There is certainly a move toward “spirituality” in our culture and the sad thing is that few of those seekers would think to look in what they understand as the church to meet that need.

    I think belonging does often (perhaps most often) come before belief in a post christendom culture and perhaps even behaving, it looks to me that often people are interested in social action and when they get involved with Christians in doing projects like that, ie food banks, programmes in the third world etc, they often then develop a sense of what Hirsch & Frost call “communitas” with believers and this leads to faith.

    I wouldn’t what to over emphasise and systematise the who believing, belonging, becoming etc stuff, or focus would be on doing life with people and taking it from there rather than having a plan to lead people through various stages in a predetermined way. So helpful perhaps to understand what is happening generally but of course the Spirit blows where He will, so be open to exceptions, ie people believing first on occasions etc.

    • Yeah i read King Jesus by Scot Mcknight, was really interesting, I also read a lot of this blogs about the emerging movement, i did a paper on New Monasticism thus started to read about Communitas, was very insightful. Have you heard of the Homogeneous Unit Principle? Come out of Donald McVanran’s statement that said “Men like to become Christians without crossing racial, linguistic, or class barriers” What he was meaning was that non-Christians are more interested at first in the spiritual aspect rather than social action. However there seems now to be a united expression of spiritual and social action today. I think this is the case that people today want an identity to be part of something, they are scared of being alone, this is why i think so there are now so many ‘student’ churches now, these churches give a unity and conformity and leadership that many students crave. That in today’s contemporary culture, individuality is expressed as the best, but in reality this makes people scared. For my paper i have been reading Fowler stages of faith, although i don’t like putting people into categories (Postmodern kid that i am), i have found it helpful in criticing the emerging movement, because i am focusing on student churches and these churches generally seem to operate on culturally open and theologically closed. I think theologically closed because it is a protection around the student and gives a sense of unity, which perhaps they are not used to. However i think that once the student starts to grow and question, these churches do not interest them, they feel that there is no individuality, thus no authenticity and is normally more about words, rather than living out faith through deeds. Of course this is a huge generalization and perhaps i have become a wee bit cynical of these churches while writing my dissertation.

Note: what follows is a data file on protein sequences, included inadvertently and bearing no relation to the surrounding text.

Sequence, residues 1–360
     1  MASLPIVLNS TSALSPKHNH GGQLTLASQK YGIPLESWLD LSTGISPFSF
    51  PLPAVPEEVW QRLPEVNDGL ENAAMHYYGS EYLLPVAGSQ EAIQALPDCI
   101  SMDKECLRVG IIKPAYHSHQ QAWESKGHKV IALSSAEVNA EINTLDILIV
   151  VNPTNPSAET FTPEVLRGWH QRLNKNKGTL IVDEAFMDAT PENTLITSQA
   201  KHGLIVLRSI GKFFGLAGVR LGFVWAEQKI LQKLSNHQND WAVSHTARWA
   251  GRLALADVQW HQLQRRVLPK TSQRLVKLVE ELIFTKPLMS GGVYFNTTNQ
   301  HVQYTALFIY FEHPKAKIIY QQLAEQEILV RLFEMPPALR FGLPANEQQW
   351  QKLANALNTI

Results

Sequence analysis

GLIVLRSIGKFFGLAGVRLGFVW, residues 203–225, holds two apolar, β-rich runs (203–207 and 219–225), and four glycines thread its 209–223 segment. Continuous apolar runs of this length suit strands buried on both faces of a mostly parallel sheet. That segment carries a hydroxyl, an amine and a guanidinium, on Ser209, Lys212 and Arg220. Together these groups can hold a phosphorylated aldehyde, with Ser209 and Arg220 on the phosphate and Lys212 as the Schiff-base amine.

10. jamespetticrew says:

    The Church Growth Movement was very influential when I first studied the “Homogeneous Unit Principle” was more about minimising the barriers that “seekers” had to cross to become Christians. I think it was motivated by the right reasons but had a damaging effect, it was often used by churches to justify not embracing racial integration and so became a source of division and sin.

    The missional movement has also challenged it on theology, the missional movement would argue that it is God who comes to us in our culture, the Incarnation being the defining model and so the church should follow Jesus by way of incarnation to seek people out where they are, not focus on creating services to attract people where they will meet similar people.

    My perception is that student churches are often “ministering” to already Christians and so they focus in helping them to defend their faith against what they perceive to be attacks from lecturers etc

  11. Soph says:

    Hey just wandering what your name is for references sake? 🙂